More than 150,000 hectares in the state's remote North West has been purchased by the NSW government for a new national park.
The purchase of 153,415-hectare Narriearra Station near Tibooburra, for an undisclosed amount, is the largest acquisition of private land for national park's in the state's history.
Environment Minister Matt Kean says the purchase will help protect threatened species, important habitat and wetlands.
"Narriearra Station stretches across the outback Channel Country and includes part of the Bulloo River floodplain, ephemeral wetlands and landscapes currently not found anywhere in NSW national parks," Mr Kean said.
"Narriearra is an important refuge for threatened wildlife, with more than 25 threatened animal species, including nearly 90 per cent of NSW's critical habitat and breeding areas for the nationally endangered Grey Grasswren."
He said the purchase of the outback station, which was owned by the O'Conner family, would secure a key section of the nationally important wetland - the Caryapundy Swamp.
The swamp can host tens of thousands of waterbirds including pelicans, straw-necked ibis, egrets and whiskered terns during inland flood events.
"Narriearra along with the nearby Sturt National Park, will create a vast near-contiguous conservation area of almost half a million hectares, or twice the size of the ACT," Mr Kean said.
"Adjoining the Pindera Downs Aboriginal Area, Narriearra contains many significant and valuable stone artefacts, tools and stone arrangements.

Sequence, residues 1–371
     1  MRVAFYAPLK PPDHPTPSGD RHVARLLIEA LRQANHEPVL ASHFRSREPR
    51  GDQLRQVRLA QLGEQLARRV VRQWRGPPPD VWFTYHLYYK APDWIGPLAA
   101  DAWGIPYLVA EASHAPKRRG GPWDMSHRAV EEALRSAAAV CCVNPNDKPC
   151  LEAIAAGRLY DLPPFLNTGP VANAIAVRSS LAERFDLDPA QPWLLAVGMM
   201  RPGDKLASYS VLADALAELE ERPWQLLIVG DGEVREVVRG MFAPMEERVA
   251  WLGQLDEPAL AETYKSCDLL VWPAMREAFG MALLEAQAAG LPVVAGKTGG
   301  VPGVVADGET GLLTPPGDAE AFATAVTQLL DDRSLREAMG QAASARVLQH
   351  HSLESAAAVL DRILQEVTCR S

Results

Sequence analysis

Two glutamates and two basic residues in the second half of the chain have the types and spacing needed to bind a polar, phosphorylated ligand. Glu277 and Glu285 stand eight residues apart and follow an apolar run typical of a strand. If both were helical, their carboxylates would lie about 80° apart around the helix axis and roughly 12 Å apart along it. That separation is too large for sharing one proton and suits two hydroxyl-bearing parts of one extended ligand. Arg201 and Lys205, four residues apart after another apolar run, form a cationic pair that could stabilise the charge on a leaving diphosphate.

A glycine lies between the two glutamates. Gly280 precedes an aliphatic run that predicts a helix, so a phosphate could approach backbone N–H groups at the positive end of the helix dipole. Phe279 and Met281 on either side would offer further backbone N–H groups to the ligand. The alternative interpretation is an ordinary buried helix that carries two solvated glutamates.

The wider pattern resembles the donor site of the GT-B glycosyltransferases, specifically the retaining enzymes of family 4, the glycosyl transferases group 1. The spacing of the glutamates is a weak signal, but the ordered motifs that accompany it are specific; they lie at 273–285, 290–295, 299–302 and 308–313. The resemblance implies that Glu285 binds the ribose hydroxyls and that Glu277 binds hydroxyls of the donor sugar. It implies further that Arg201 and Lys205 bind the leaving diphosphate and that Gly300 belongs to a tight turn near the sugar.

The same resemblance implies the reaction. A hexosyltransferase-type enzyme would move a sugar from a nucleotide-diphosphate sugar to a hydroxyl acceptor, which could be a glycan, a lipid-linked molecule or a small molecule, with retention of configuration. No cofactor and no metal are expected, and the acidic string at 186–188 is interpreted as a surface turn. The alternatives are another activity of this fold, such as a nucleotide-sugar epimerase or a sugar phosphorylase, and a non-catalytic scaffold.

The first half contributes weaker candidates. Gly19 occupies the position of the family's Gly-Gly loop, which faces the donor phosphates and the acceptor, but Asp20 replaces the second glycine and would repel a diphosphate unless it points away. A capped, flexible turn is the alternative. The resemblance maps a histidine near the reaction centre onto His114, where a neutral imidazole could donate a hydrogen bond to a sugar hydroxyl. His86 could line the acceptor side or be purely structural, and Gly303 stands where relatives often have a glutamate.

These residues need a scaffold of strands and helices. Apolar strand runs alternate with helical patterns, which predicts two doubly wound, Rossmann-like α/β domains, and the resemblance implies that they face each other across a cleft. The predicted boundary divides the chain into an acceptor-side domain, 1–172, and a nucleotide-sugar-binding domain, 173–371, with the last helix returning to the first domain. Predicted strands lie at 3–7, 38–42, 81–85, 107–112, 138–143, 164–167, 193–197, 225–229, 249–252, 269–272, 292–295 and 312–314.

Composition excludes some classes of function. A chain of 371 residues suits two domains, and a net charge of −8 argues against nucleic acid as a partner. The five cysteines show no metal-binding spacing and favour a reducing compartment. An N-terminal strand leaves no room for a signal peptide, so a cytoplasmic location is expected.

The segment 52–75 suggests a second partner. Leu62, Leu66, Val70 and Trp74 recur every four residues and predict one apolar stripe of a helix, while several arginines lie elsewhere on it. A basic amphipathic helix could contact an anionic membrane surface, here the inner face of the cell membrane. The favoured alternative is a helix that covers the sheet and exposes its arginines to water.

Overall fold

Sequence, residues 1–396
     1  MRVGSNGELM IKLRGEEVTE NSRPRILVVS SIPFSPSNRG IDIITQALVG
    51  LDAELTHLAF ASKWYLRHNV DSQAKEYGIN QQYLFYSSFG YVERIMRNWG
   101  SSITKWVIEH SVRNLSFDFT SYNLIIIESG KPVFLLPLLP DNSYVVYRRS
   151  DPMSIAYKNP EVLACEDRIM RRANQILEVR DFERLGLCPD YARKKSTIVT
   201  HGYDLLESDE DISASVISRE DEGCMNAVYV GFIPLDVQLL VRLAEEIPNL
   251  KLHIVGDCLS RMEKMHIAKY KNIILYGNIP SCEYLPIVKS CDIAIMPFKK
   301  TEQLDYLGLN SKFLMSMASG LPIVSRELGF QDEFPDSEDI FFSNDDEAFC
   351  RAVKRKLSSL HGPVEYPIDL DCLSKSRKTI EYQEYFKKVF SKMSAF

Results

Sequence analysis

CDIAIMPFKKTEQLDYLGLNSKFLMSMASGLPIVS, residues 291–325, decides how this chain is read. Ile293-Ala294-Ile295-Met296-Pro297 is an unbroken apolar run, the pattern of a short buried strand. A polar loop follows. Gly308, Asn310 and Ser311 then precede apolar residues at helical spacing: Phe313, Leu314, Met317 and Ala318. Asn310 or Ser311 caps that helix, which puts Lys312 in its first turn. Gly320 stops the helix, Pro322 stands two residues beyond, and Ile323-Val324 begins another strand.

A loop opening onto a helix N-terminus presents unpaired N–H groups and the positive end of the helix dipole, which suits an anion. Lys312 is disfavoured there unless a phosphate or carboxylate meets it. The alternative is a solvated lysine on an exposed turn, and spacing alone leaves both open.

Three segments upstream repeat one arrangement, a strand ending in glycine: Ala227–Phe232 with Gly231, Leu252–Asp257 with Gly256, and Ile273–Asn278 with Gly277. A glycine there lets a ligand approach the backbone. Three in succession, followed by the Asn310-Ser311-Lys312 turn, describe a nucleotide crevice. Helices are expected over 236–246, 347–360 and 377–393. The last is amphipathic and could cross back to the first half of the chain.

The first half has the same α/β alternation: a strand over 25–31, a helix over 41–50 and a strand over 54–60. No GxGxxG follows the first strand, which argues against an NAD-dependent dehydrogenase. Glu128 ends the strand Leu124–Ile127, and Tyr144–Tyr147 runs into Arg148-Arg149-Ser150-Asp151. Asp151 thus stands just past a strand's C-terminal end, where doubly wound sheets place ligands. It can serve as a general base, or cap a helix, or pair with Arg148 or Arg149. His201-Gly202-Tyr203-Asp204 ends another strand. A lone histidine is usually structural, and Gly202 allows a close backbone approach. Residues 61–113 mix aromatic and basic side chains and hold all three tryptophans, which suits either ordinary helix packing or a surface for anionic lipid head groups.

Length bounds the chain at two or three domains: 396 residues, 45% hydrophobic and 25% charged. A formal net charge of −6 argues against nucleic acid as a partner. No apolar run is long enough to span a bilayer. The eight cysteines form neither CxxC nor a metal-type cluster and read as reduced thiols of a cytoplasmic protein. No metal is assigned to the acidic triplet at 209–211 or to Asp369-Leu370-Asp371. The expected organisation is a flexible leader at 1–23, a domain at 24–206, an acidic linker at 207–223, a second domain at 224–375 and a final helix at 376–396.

"The property is also linked to the ill-fated Burke and Wills expedition, with two expedition campsites on the property."
Mr Kean said the purchase went towards his goal of adding 200,000 hectares to the National Parks estate.
"On top of 64,860 hectares already reserved, this purchase puts us on track to exceed that," Mr Kean said.
The National Parks Association of NSW (NPA) welcomed the NSW government's purchase.
"This is a really significant, high conservation acquisition that will protect many threatened species and habitats in western NSW," NPA Executive Officer, Gary Dunnett stated.
"The new national park is located in one of the most under reserved bioregions in NSW.
"The Bulloo River floodplain and associated ephemeral wetlands are one of western NSW's biodiversity hotspots and this extensive national park is large enough to protect the ecosystem processes of a functioning floodplain.
"This wonderful acquisition follows smaller but equally welcome recent additions in the Blue Mountains and Wollemi."
Mr Kean has invited the Tibooburra Local Aboriginal Land Council to suggest a name for the new national park.
The Tibooburra Local Aboriginal Land Council told The Land they did not wish to comment on the purchase at this stage as it was still early days.
More to come